Advanced Guildhall the Gathering by AEG: Review

Theme and What is it?

Advanced Guildhall Fantasy is a set collection game where players take on the role of guild masters trying to recruit adventurers into their guilds. It’s the most recent in an expanding series of card sets for a game originally published in 2012. The newest set features updated rules and new role choices. There are also a few variants for mixing up the game a bit.

Gameplay Mechanics

Guildhall places its focus around a series of six different guilds, such as Alchemists, Duelists, and Warlords. Each class has a special power that improves depending on how many members of that class a player has in their hall. By using a combination of set collection and special powers players work to be the first to score 20 points and win the game.

One of the core mechanics of the game is the difficult choice of when to play characters into a guild set. Once a guild set has one of each member the set closes and its special powers are no longer available. However, once a set is closed it can no longer be adjusted, stolen from, or effected by other players. Additionally, you need completed sets to purchase victory point cards, making them a necessity in the game. The hard choice comes from knowing that a set with most of its members will have a decent advantage, so when is the right time to trade them out. 

 

Initial Impressions

I first learned about and played Guildhall many years ago at an AEG Big Game Night event at Gencon. After learning about the game and finding out about its theme and some of the ideas behind it, I remember being pretty interested in playing. For this updated version, I was curious about how the game would work and since I already enjoy the game was looking forward to cracking this update open.

Game Build Quality

The game components are nice. I would have preferred the cardstock be a little thicker but sleeving can fix that. The insert is functional, but I suspect it’s being used as a placeholder until a player can get one of the other sets with the much larger box with more room. The rule book is fine, easy to understand with plenty of examples. It’s a little dark, I would have liked a brighter page back to facilitate reading. The ding I do give the game is the extensive symbols used in the game. There are a lot in this one and it gives the game a bit of an entry barrier I’m not fond of.

Artistic Direction

The art in the game is fine. They reuse the same image for each card in a given class. The art is pretty standard fantasy hero images. It doesn’t clutter the cards and get in the way of the game play but it isn’t anything spectacular either. The best word I can come up with here is serviceable.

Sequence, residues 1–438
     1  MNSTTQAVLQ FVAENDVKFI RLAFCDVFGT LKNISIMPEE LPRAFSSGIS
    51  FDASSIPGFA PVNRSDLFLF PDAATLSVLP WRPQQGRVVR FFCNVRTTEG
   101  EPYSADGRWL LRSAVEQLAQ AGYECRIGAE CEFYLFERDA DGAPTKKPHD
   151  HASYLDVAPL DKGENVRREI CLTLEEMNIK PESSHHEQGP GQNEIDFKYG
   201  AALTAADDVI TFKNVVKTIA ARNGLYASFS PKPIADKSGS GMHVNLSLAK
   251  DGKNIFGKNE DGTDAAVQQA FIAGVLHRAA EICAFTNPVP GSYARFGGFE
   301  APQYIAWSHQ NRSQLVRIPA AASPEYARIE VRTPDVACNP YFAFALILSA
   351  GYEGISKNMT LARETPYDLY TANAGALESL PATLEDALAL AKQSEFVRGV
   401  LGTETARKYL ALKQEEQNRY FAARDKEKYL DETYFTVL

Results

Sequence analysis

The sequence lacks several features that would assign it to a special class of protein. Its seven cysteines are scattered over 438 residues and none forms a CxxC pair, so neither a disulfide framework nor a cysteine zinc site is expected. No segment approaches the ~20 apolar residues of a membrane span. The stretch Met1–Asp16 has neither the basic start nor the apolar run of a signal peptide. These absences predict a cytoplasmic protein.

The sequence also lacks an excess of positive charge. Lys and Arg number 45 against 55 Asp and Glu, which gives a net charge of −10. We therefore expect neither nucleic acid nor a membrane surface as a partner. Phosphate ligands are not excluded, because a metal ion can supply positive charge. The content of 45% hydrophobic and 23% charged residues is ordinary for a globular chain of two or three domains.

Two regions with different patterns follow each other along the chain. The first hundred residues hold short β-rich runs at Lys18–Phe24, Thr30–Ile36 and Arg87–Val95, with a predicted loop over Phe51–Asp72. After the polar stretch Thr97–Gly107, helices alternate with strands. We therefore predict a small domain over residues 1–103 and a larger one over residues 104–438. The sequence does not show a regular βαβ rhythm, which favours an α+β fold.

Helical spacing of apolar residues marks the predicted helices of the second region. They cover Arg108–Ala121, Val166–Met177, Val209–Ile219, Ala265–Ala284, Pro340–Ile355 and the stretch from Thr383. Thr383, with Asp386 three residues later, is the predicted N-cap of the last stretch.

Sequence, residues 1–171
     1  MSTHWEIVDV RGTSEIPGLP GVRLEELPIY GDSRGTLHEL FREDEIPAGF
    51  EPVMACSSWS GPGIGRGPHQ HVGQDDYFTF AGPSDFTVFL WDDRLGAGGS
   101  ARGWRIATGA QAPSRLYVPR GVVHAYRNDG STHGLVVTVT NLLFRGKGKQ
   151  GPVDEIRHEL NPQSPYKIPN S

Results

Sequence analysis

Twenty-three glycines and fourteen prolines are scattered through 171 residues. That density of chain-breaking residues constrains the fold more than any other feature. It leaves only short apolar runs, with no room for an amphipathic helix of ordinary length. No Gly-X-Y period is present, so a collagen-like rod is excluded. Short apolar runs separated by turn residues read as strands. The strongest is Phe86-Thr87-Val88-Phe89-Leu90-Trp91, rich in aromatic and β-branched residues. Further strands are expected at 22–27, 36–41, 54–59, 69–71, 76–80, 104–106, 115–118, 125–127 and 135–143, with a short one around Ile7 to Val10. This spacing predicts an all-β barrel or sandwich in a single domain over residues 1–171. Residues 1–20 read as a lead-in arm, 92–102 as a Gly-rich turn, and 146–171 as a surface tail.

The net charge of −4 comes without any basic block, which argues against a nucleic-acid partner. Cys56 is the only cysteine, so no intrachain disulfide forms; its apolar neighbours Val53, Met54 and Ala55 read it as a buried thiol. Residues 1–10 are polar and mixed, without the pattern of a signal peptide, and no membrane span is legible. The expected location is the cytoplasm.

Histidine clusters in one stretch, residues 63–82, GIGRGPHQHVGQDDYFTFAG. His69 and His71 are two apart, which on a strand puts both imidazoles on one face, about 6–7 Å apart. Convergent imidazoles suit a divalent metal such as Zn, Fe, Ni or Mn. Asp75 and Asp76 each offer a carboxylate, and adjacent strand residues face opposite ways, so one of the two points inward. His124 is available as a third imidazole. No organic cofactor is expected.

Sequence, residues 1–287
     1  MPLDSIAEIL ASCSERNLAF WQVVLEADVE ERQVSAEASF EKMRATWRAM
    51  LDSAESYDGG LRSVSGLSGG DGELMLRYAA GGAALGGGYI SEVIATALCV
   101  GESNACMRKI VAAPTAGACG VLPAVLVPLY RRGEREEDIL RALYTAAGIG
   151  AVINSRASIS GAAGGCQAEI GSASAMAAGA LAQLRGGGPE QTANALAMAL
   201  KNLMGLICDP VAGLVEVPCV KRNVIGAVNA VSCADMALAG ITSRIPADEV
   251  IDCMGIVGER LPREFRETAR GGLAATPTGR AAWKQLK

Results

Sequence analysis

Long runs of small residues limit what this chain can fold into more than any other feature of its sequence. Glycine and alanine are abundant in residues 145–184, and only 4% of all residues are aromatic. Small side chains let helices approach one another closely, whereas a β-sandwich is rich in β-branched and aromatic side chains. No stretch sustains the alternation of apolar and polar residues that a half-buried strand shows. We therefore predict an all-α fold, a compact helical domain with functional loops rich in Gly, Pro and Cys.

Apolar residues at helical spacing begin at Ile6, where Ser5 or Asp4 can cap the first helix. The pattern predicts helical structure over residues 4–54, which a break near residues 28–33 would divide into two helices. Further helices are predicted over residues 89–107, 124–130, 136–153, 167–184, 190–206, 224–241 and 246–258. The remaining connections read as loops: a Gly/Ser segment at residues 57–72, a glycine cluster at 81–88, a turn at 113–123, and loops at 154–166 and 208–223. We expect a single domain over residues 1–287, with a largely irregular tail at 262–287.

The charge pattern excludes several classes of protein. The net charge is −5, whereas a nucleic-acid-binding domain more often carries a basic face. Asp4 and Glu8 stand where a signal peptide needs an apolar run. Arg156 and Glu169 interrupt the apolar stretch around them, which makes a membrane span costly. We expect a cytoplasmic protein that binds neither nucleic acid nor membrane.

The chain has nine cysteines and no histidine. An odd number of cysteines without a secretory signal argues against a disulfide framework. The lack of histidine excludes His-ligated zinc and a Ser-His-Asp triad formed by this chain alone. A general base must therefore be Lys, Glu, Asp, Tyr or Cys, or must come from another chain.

Fun Factor

As evidenced by an earlier statement, this game is still in my collection; I enjoy it. It’s a nice quick filler that, once you understand the symbols, is fairly easy to play.

Age Range & Weight

The Box says 14+ and I think that’s dead on. Younger kids will get frustrated with the symbols and the strategy. Beyond that the game is pretty straight forward with the exception of one or two timing issues that take a little while to get used to.

Conclusions

Right off the bat, if you like Guildhall and are thinking of adding Advanced Guildhall Fantasy to your collection then I would say go for it. It’s just more of the same and only serves to give you more choices. While you normally only play with six guilds there are rules included for shuffling all of the sets together and mixing and matching the heroes into types of guild. You may enjoy that, it wasn’t something I really enjoyed, but the rules are there.

If you’re new to Guildhall and wondering if it’s for you, then I’d say try it out. It’s fast and fun, has some neat ideas, and can fill a decent place in any game day or short break. It can be a little mean spirited in some of the interactions but not to the point where I would define the game as a take that style of play.

 

The game is fast and falls into the category of chit chat games I do enjoy playing sometimes. It’s easy to play and have a conversation while waiting for your turn since it doesn’t require a lot of attention or deep thought to take your turn. If you want a quick game to start a game day or catch up with friends while playing, Guildhall is a nice fit.

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